GNFAC Avalanche Forecast for Fri Dec 2, 2022

GNFAC Avalanche Forecast for Fri Dec 2, 2022

Good morning. This is Ian Hoyer with the Gallatin National Forest Avalanche Forecast on Friday, December 2nd at 7:00 a.m. This information is sponsored by Blitz Motorsports and Yamaha and Avalanche Alliance. This forecast does not apply to operating ski areas.

*Note: Bridger Bowl Ski Area is closed and there are no avalanche control or ski patrol services. Backcountry conditions exist. Please don’t ski over hoses and power cords, stay off chairlifts, and give snowcats and snowmobiles plenty of room.

AVALANCHE WARNING

The Gallatin National Forest Avalanche Center is issuing a Backcountry Avalanche Warning for the Lionhead Area near West Yellowstone, MT and Centennial Mountains near Island Park, ID. Two feet of new snow and very strong winds are creating very dangerous avalanche conditions. Natural and human triggered avalanches are likely. Avalanche terrain and avalanche runout zones should be avoided. The avalanche danger is rated HIGH on all slopes. Contact the Gallatin National Forest Avalanche Center for more detailed information.

This warning will expire or be updated by 6:00 a.m. on Saturday, December 3, 2022.

Mountain Weather

Since yesterday morning, there are 18” of new snow (with 1.9” snow water equivalent) in the Lionhead area, 8-10” (0.8-1.1” SWE) in Taylor Fork and Cooke City , and 5-8” (0.2-0.4” SWE) near Bozeman and Big Sky. Winds were 20-40 mph with gusts of 40-75 mph out of the south and west yesterday. Overnight winds shifted to the north and west and decreased dramatically, but are still gusting up to 30 mph. Temperatures are in the single digits and teens F this morning. Winds will remain moderate out of the north and west today. The bulk of the snowfall is over, but another inch or two may fall this morning as the storm passes. 

 

Snowpack and Avalanche Discussion

Avalanche Warning

Two feet of new snow and winds gusting up to 75 mph have created very dangerous avalanche conditions. Avoid traveling on or beneath any steep slopes. If you get onto a steep slope you will trigger an avalanche or one could break all by itself above you. Avalanches may break within the storm snow or deeper and wider on weak layers that have been severely overloaded (video). Drifting snow will continue today, adding additional load to windloaded slopes. The avalanche danger is HIGH on all slopes.

Over the past 48 hours, over two feet of new snow fell around Cooke City with strong winds (see Alex’s video from yesterday). Human triggered avalanches are likely on all slopes, especially wind loaded ones. Snowfall stopped this morning and we just barely avoided an avalanche warning. The avalanche hazard is very serious today and cautious route finding is essential for safe travel. The avalanche danger is CONSIDERABLE.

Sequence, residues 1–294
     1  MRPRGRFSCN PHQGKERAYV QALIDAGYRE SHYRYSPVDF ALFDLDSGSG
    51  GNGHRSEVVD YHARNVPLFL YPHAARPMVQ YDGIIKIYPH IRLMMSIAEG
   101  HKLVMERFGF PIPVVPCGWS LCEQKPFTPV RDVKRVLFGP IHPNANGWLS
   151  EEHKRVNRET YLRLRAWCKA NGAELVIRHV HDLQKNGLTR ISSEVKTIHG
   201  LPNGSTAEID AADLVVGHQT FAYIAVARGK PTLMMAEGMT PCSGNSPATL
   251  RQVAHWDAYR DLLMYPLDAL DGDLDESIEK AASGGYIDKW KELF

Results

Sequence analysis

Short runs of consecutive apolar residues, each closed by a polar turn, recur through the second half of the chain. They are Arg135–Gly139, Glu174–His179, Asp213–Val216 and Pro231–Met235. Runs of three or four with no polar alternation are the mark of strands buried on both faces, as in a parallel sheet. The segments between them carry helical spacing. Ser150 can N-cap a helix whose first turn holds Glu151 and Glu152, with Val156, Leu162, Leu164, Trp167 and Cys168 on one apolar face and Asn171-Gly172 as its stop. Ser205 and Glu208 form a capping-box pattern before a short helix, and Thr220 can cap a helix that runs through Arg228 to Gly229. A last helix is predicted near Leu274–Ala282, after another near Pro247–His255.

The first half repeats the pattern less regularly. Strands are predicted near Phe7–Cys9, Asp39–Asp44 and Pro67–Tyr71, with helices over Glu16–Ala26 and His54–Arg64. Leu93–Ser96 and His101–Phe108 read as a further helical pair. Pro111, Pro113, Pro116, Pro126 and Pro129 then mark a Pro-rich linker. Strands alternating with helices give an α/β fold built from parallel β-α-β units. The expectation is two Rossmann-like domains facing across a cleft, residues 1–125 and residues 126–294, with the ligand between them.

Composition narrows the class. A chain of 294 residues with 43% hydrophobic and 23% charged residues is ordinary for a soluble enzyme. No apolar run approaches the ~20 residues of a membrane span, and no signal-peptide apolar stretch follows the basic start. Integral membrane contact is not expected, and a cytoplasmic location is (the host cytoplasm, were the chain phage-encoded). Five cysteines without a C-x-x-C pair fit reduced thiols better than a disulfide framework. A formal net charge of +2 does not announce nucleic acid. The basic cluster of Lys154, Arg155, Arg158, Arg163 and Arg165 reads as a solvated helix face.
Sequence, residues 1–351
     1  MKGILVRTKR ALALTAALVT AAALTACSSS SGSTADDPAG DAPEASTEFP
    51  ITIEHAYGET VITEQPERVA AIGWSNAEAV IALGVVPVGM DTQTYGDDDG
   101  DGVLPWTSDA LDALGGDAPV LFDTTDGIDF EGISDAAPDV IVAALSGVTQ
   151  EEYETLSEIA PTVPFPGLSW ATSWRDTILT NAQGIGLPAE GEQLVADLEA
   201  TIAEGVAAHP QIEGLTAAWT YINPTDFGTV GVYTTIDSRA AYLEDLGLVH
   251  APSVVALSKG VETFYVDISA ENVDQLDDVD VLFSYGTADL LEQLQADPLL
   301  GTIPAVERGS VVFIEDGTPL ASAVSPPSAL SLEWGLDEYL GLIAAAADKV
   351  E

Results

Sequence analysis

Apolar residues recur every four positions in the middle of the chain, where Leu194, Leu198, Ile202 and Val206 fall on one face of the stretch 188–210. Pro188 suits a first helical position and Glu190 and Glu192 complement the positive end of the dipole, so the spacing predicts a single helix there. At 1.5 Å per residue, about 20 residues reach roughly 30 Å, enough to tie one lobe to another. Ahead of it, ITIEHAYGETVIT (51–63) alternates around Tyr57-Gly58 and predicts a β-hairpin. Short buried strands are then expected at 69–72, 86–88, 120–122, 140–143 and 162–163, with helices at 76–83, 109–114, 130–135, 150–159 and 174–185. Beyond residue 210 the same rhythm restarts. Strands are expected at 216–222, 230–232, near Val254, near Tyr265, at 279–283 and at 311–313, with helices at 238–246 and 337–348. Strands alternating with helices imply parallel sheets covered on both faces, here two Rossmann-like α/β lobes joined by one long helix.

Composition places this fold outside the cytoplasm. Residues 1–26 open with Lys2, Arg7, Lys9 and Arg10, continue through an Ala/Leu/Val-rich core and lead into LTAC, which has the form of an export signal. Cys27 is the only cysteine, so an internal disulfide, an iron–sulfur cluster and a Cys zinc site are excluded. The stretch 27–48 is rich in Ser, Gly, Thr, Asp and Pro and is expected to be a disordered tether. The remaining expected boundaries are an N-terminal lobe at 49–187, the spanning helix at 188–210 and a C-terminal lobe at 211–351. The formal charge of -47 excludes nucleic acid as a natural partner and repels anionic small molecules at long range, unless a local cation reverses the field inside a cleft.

A foot of new snow fell onto a weak snowpack over the last two days. A widespread weak layer beneath the new snow will make avalanches break easily. The avalanche danger is CONSIDERABLE.

5-8” of light density snow fell overnight. Watch out for areas where the new snow has drifted into deeper cohesive slabs. It’s still early season so we don’t have too much confidence in the lower snowpack yet - dig before getting into avalanche terrain to make sure there isn’t a buried weak layer hiding down there. For today, the avalanche danger is rated MODERATE.

If you get out, please share avalanche, snowpack or weather observations via our website, email (mtavalanche@gmail.com), phone (406-587-6984), or Instagram (#gnfacobs).

Avalanche Warning

Two feet of new snow and very strong winds have created very dangerous avalanche conditions. Decision making is easy today - simply avoid traveling on or beneath any steep slopes. If you get onto a steep slope you will trigger an avalanche or one could break all by itself above you. Avalanches may break within the storm snow or deeper and wider on weak layers that have been severely overloaded

Upcoming Avalanche Education and Events

Our education calendar is full of awareness lectures and field courses. Check it out: Events and Education Calendar.

Monday, December 5, 6:30-7:30 p.m. @MAP Brewing in Bozeman, Know Before You Go avalanche awareness presentation. 

Tuesday, December 6, 9 a.m. - 3:00 p.m. West Yellowstone Avalanche Fundamentals w/ Snowmobile Field Session. Pre-register HERE. 

Thursday, December 8, 6 - 7:30 p.m., Free Snow & Avalanche Safety Workshop: Belgrade Community. This workshop will cover the basics of snow and avalanche equipment. Belgrade Community Library. A raffle and pizza will be included! 

Monday, December 12, 5-8 p.m. @MAP Brewing, Movie Night.

Tuesday, December 13, 6 p.m., Avalanche Awareness + Beacons at Story Mill Park. Free.

The Friends of the Avalanche Center are hosting the Powder Blast Fundraiser. Your donations support free and low-cost avalanche education, beacon checkers at trailheads, beacon parks, weather stations, and GNFAC programs! The Friends of GNFAC launched an online GoFundMe campaign. Please consider a donation, and we look forward to having an in-person event again in the future.

 

The Last Word

Your field observations are hugely helpful as we build a picture of snowpack stability. Let us know if it was a beautiful day or snowy, deep powder, avalanches seen or just boring riding. Submit your observations on our new page or read them all here.

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